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Sunday, August 17, 2014

Older consumers think differently depending on time of day

When I was writing Marketing to the Ageing Consumer with Kim Walker I was very interested in the science and implications of cognitive ageing.

There was one theory that I found particularly compelling called inhibition deficit theory.  This proposes that ageing weakens inhibitory processes that regulate information that enters and leaves working memory. For older adults this means that irrelevant information gains entry into working memory that results in interference. This is the ultra-laymen explanation. If you want to read about it in detail then look at this paper (Age-related top-down suppression deficit in the early stages of cortical visual memory processing)

I thought that this concept explains a lot of the issues that older people have with complex and clutter digital interfaces.

I have just read about research conducted at the Baycrest Center for Geriatric Care in Toronto. This found that there was a distinct difference in the cognitive efficiency of older adults depending on the time of day they were tested.

The study was published in the journal Psychology and Aging.

John Anderson, the lead author of the research said

Time of day really does matter when testing older adults. This age group is more focused and better able to ignore distraction in the morning than in the afternoon. 

Their improved cognitive performance in the morning correlated with greater activation of the brain’s attention control regions – the rostral prefrontal and superior parietal cortex – similar to that of younger adults.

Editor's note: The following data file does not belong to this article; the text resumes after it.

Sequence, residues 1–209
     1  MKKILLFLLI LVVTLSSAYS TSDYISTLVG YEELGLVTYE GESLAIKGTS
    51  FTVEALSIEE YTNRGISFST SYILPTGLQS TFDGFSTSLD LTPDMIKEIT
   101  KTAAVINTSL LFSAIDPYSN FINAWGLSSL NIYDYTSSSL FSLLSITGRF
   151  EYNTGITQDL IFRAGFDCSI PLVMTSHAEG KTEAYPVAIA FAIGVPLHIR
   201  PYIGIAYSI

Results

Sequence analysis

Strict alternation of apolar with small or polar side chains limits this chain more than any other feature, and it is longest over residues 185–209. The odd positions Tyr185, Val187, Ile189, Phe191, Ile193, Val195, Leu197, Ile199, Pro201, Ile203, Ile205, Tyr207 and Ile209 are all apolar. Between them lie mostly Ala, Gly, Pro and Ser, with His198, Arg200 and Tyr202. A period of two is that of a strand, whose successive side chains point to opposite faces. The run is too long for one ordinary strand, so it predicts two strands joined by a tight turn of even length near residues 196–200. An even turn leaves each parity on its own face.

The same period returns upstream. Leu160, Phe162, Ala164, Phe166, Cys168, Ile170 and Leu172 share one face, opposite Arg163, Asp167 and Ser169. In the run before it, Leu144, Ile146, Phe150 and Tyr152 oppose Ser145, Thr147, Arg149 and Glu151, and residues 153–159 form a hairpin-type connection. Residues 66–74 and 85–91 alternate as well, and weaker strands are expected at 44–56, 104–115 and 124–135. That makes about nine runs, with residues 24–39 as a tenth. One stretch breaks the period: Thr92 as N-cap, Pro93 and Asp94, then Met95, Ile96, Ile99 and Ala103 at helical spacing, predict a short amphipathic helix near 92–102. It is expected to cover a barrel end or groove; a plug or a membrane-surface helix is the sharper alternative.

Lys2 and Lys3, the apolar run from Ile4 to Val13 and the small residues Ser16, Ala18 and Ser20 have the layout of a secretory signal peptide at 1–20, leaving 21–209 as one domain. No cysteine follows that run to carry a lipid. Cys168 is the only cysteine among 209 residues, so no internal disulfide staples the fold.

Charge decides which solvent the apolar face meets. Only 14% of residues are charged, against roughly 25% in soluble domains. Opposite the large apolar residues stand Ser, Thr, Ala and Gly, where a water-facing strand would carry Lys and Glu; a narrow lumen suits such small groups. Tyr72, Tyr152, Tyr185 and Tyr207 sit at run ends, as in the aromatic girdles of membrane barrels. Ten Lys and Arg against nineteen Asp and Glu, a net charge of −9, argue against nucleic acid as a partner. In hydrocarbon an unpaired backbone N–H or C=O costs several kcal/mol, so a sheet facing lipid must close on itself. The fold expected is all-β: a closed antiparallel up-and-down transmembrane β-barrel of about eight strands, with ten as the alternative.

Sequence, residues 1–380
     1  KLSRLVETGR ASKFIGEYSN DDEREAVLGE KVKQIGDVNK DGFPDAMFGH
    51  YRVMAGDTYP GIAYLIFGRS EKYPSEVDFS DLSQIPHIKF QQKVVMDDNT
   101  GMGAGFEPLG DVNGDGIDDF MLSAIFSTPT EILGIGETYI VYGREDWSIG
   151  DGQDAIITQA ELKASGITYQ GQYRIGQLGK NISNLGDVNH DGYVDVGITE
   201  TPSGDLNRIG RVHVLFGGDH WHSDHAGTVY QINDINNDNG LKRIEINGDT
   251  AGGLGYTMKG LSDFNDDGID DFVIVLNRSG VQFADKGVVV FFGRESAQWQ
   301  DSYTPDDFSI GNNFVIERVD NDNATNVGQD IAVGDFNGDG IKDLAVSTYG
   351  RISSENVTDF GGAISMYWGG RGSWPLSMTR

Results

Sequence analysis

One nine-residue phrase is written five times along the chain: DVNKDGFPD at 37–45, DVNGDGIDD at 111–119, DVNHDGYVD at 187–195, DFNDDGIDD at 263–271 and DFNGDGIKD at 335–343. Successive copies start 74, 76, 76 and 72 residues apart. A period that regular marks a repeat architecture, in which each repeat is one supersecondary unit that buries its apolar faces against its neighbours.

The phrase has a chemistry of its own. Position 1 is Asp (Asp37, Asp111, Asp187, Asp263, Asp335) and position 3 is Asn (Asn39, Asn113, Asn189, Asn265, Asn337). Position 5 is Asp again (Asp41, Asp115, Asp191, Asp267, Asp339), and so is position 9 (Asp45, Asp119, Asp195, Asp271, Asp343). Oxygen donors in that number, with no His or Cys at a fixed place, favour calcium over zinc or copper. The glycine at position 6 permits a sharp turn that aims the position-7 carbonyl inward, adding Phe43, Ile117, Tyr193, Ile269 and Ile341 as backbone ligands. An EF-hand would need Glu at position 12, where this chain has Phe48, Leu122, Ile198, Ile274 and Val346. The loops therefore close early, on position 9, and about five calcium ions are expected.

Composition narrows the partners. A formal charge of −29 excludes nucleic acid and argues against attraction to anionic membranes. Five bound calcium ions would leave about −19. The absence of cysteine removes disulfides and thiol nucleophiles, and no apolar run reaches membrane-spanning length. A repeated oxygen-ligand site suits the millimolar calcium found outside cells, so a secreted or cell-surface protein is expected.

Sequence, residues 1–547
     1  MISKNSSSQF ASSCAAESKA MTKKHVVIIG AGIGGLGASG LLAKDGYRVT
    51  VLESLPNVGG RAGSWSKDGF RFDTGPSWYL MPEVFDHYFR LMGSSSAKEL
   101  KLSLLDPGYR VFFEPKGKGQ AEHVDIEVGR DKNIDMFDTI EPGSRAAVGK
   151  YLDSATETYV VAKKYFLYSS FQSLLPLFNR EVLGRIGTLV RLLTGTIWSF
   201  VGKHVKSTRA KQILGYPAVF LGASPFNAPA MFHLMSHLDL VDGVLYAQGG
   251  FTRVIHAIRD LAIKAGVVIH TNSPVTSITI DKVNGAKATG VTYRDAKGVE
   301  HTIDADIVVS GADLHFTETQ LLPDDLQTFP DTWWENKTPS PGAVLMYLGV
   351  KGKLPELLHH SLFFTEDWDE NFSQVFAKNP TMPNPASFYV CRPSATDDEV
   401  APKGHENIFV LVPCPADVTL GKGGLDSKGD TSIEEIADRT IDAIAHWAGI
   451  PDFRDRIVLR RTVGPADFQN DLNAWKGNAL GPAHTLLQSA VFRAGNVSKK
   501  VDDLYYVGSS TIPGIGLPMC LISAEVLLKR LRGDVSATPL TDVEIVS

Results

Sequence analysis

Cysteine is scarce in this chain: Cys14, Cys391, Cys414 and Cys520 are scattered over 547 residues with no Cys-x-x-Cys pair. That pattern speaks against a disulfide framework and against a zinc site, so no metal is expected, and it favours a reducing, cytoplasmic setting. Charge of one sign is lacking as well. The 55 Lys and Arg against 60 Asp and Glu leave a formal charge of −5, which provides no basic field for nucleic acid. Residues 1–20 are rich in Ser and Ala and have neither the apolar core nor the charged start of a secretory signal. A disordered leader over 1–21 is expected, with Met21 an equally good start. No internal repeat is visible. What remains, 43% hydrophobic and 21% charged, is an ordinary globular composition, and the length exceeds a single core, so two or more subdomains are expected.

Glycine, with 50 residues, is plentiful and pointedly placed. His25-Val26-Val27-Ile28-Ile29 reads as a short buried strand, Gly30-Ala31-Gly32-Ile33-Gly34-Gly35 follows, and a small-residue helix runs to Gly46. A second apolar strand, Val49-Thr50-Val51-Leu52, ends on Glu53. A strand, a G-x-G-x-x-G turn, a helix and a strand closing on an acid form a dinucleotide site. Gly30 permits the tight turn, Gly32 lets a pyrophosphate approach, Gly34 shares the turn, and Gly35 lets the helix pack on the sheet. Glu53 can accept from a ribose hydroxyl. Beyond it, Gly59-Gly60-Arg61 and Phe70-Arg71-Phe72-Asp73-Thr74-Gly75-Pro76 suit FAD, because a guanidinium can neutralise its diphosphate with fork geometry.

Some of the implications that the researchers conclude from this research is that older people should schedule their most mentally challenging tasks for the morning time. Those tasks could include doing taxes, taking a test (such as a driver’s license renewal), seeing a doctor about a new condition.

You can read about the research on the Baycrest web site.

I have only just begun thinking about the implications of this research but it seems to me that it covers all areas of the older person’s life. A couple of thoughts about how this might impact the older consumer.

Financial services companies should schedule meetings with older people early in the day.

Where there are incentives for older people to shop on designated days then maybe there should be an added bonus for morning shopping.

We need to have a lot more information about the magnitude of the difference caused by time of day and what tasks are most affected. No doubt that it is a very useful ingredient to better understanding how best to improve the older customer experience and all parts of the purchase journey. Dick Stroud

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